GlobalFoundries today sued IBM for trade secret misappropriation. The complaint asserts the former semiconductor manufacturing company has unlawfully disclosed GF’s confidential IP and trade secrets, after IBM sold its microelectronics business to GF in 2015. The technology at issue was collaboratively developed, over decades, by the companies in Albany, New York and the sole and exclusive right to license and disclose that technology was transferred to GF upon the sale.
In the legal action filed in federal court in the Southern District of New York, GF asserts that IBM unlawfully disclosed GF IP and trade secrets to IBM partners including Intel and Japan’s Rapidus, a newly formed advanced logic foundry, and by doing so, IBM is unjustly receiving potentially hundreds of millions of dollars in licensing income and other benefits.
The complaint notes that IBM’s executives have described the Intel and Rapidus partnerships as based on decades of technology derived from research conducted at the Albany NanoTech Complex, technology that they had no right to disclose. It also raises concerns over the extent to which IBM may have unlawfully disclosed GF’s IP and trade secrets beyond these two heavily publicized partnerships.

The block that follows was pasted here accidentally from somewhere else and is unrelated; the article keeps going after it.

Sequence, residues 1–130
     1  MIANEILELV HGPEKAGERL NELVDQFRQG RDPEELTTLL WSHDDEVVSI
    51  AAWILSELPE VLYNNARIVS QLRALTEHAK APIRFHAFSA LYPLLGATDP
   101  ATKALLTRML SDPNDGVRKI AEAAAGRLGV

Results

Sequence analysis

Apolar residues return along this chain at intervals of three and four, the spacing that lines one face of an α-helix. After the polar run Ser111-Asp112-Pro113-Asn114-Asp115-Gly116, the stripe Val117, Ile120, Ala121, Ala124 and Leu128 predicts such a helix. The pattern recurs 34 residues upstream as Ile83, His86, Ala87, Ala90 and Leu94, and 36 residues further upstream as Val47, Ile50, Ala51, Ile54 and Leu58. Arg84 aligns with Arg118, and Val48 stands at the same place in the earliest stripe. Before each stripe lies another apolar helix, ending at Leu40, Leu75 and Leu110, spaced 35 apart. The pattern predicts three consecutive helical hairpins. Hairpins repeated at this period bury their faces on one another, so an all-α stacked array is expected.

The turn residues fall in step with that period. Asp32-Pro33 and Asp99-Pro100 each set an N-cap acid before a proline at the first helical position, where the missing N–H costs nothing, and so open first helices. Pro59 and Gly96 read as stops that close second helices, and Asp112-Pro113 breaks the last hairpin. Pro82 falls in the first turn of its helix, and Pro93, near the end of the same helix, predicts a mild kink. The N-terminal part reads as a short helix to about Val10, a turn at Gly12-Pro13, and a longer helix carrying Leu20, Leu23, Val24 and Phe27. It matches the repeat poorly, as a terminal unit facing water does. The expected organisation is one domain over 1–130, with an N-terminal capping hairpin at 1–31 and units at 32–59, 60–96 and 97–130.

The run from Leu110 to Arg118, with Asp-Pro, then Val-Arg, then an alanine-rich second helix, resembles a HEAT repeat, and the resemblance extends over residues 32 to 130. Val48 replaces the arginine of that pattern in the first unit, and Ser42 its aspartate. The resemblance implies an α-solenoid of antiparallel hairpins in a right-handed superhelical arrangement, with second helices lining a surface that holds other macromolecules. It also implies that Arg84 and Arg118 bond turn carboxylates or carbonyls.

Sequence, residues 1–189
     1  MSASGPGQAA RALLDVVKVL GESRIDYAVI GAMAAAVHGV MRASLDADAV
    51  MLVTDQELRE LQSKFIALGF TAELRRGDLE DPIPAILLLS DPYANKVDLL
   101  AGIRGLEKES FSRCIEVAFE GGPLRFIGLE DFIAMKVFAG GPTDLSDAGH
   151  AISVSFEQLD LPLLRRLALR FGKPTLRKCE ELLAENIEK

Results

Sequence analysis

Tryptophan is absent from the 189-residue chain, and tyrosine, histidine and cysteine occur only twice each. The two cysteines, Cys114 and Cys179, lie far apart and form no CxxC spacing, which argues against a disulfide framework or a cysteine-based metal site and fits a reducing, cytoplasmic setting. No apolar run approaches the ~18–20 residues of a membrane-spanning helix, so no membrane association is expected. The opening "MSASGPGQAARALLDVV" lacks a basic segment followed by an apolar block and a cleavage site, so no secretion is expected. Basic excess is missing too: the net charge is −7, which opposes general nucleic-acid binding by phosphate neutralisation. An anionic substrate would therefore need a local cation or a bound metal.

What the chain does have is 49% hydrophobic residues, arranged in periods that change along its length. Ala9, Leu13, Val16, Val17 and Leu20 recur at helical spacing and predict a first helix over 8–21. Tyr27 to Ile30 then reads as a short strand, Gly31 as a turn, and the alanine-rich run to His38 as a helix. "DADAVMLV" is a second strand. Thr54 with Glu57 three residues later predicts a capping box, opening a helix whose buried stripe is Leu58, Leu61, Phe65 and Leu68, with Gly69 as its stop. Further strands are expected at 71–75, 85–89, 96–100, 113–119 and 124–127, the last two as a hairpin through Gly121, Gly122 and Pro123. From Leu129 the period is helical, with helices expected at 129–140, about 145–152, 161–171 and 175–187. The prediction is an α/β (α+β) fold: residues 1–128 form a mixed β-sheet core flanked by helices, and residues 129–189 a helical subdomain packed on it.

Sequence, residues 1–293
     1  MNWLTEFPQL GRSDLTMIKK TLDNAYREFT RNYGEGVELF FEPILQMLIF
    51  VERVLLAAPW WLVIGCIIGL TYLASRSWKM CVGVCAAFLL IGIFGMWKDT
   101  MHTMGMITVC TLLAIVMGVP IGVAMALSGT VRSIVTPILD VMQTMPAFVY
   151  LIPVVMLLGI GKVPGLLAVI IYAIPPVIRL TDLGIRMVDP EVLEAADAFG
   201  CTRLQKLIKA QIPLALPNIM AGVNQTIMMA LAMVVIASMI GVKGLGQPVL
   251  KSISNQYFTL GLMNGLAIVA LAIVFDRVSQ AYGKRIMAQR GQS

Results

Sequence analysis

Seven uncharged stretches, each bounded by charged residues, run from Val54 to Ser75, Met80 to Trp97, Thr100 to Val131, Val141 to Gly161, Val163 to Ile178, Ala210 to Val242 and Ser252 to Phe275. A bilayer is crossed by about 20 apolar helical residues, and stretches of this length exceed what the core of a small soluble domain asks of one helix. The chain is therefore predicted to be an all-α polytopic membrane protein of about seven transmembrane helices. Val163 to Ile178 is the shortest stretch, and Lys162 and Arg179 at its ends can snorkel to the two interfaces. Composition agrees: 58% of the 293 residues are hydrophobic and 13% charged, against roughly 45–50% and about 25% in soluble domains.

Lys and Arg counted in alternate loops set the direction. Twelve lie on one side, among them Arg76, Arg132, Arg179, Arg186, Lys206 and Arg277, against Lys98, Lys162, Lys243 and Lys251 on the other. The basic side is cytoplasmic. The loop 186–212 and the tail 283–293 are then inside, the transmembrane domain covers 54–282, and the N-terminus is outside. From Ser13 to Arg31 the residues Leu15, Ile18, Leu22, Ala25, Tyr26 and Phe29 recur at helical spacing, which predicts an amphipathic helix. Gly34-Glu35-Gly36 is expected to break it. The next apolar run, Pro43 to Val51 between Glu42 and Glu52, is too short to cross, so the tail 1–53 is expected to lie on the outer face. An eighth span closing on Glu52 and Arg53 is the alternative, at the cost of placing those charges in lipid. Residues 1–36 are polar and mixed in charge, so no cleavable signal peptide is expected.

GF is asking for compensatory and punitive damages as well as an injunction against IBM preventing further unlawful disclosure and use of GF’s trade secrets.
In addition, GF’s complaint asserts that IBM is targeting and recruiting GF’s world-class engineering talent at the company’s manufacturing facility, which is located near the Albany NanoTech Complex. In the complaint, GF asks the court to end the unlawful recruitment efforts, which have accelerated since the IBM/Rapidus announcement in December 2022.
GF has made significant investment in research and development to advance its feature-rich technology and is one of the world’s leading semiconductor foundries with a global footprint and more than 13,000 employees, 2,500 of whom are based at the company’s headquarters in upstate New York. GF will aggressively defend its investments in technology against those who violate them, as the complaint demonstrates IBM has repeatedly done.